This is the story of the Good Samaritan.
A foreigner travelling from Jerusalem to Jericho was set upon by thieves who beat him and stole his clothes. A Jewish priest and a Levite crossed the road and passed on by without helping.
Then a fellow from Samaria came along. He helped the beaten man, took him home and gave him a bed for the night. When he was well enough, the Samaritan gave him clothes and sufficient money to continue his journey.
Jesus told this story in answer to a question by a lawyer (I kid you not) who asked: ‘Who is my neighbour?’ Jesus’s response is found in Luke’s Gospel as the Parable of the Good Samaritan.
Everyone is your neighbour.
The Good Samaritan had come to the aid of a man of a different race at a time when the Holy Land was riven by distrust and xenophobia. The lesson teaches us that we must deal with our own prejudices and help others wherever they are from and whoever they may be.
The Good Samaritan’s story has inspired great art and his name has been borrowed by churches, hospitals and charity organisations. The suicide watch, the Samaritans, is staffed by volunteers who provide support to people in the UK and Ireland suffering from emotional distress, struggling to cope, or at risk of suicide.
The Good Samaritan Test
It had just gone 8.30. The sky was dark and the curtains closed when there was a knock on the door. I didn’t open it. I asked who was there. ‘I’m homeless, can you help me?’ a man replied. ‘I’m sorry,’ I told him. ‘We don’t open the door at night.’
We live neither in biblical times nor on the road from Jerusalem to Jericho. We live in the middle of London. It isn’t merely wise to be careful, it is essential.
While I was taking the daily walk permitted in lockdown the following morning, I saw a young guy with a backpack sheltering from the rain beneath scaffolding. He didn’t ask for money, but I felt guilty passing by under my umbrella. It was raining again next day and the same young guy was standing in the same place staring out at the rain. We chatted for a couple of minutes and I gave him £10.
He was about seventeen and seemed pleasant enough, softy spoken, gentle. I could have taken him home; we have a spare bedroom already made up and no likelihood of guests for the foreseeable future. We could have washed and dried his clothes in the machine and sat down together for some dinner.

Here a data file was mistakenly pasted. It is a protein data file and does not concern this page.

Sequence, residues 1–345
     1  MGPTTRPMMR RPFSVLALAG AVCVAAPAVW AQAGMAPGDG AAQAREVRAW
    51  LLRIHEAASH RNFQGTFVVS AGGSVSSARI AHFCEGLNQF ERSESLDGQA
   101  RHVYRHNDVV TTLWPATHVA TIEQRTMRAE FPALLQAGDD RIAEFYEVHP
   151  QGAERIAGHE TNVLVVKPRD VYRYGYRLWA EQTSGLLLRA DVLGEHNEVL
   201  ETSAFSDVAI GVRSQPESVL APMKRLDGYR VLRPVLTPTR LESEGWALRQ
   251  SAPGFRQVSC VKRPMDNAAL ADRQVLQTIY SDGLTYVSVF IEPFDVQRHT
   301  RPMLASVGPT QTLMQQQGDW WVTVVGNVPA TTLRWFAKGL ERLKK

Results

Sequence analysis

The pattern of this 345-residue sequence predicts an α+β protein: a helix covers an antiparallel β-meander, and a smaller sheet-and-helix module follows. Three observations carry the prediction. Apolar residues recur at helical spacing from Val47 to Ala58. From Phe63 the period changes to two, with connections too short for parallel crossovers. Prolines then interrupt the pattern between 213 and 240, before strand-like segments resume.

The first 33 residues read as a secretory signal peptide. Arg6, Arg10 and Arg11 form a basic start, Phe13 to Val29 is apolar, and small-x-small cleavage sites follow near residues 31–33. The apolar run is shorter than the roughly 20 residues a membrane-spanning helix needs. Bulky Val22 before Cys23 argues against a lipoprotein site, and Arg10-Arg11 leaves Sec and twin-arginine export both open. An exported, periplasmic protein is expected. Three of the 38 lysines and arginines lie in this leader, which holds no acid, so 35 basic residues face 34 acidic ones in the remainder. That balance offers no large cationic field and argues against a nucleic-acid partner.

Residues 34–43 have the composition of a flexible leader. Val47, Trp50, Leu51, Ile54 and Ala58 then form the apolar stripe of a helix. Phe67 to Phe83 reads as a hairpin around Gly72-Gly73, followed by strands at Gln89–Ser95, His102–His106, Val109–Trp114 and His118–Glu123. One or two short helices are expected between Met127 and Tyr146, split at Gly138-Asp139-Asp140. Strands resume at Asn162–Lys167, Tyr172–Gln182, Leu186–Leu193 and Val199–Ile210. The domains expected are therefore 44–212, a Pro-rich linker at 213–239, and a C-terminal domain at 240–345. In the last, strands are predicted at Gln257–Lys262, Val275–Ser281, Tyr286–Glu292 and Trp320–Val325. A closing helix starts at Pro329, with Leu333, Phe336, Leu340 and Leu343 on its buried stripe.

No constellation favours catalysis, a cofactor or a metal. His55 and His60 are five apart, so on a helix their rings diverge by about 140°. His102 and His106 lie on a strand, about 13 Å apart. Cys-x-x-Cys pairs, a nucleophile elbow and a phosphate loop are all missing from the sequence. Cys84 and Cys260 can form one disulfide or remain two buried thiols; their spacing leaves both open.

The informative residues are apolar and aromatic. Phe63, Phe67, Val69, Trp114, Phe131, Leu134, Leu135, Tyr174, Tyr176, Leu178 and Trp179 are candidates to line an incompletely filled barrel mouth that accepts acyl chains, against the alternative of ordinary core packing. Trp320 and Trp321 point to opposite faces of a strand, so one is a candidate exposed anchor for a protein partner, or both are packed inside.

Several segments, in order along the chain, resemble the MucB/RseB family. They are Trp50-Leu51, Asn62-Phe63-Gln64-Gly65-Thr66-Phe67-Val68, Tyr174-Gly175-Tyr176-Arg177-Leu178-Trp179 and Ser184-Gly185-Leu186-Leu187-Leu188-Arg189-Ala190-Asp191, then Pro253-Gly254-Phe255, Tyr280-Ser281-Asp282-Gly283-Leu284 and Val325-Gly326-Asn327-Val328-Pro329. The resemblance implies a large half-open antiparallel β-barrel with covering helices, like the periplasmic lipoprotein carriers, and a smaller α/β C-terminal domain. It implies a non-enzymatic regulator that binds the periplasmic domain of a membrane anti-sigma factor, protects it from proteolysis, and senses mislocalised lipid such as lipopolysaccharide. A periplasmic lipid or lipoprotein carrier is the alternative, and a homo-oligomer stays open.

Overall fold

Why was I unable to do what the Good Samaritan had done?
There are good, honest, if vaguely shameful reasons why not. The homeless young man may have had psychological problems, a victim of care in the community. He could have stabbed us to death in the night. On the other hand, if he was as gentle as he appeared, how could we with our empty bedroom have turfed him out the following morning? We would have to have taken on a long-term commitment, tutors, A-levels, college, adoption?
During the first wave of the epidemic, the government created the ‘Everyone In’ programme to get homeless people off the street and into hotels. It was successful, highly praised, but too expensive. According to a leaked document seen by BBC News, 16 May 2020, ‘the government quietly pulled the plug’ before the second wave.
According to Shelter, there are 280,000 homeless people in Britain. Thousands are sofa surfing and in temporary B&Bs, families of four or five or six sharing one room where children in lockdown must do their home studies and zero-hours contract workers live with the daily fear of bringing home the virus. Thousands more are sleeping rough in freezing temperatures like the boy I chatted with in the rain.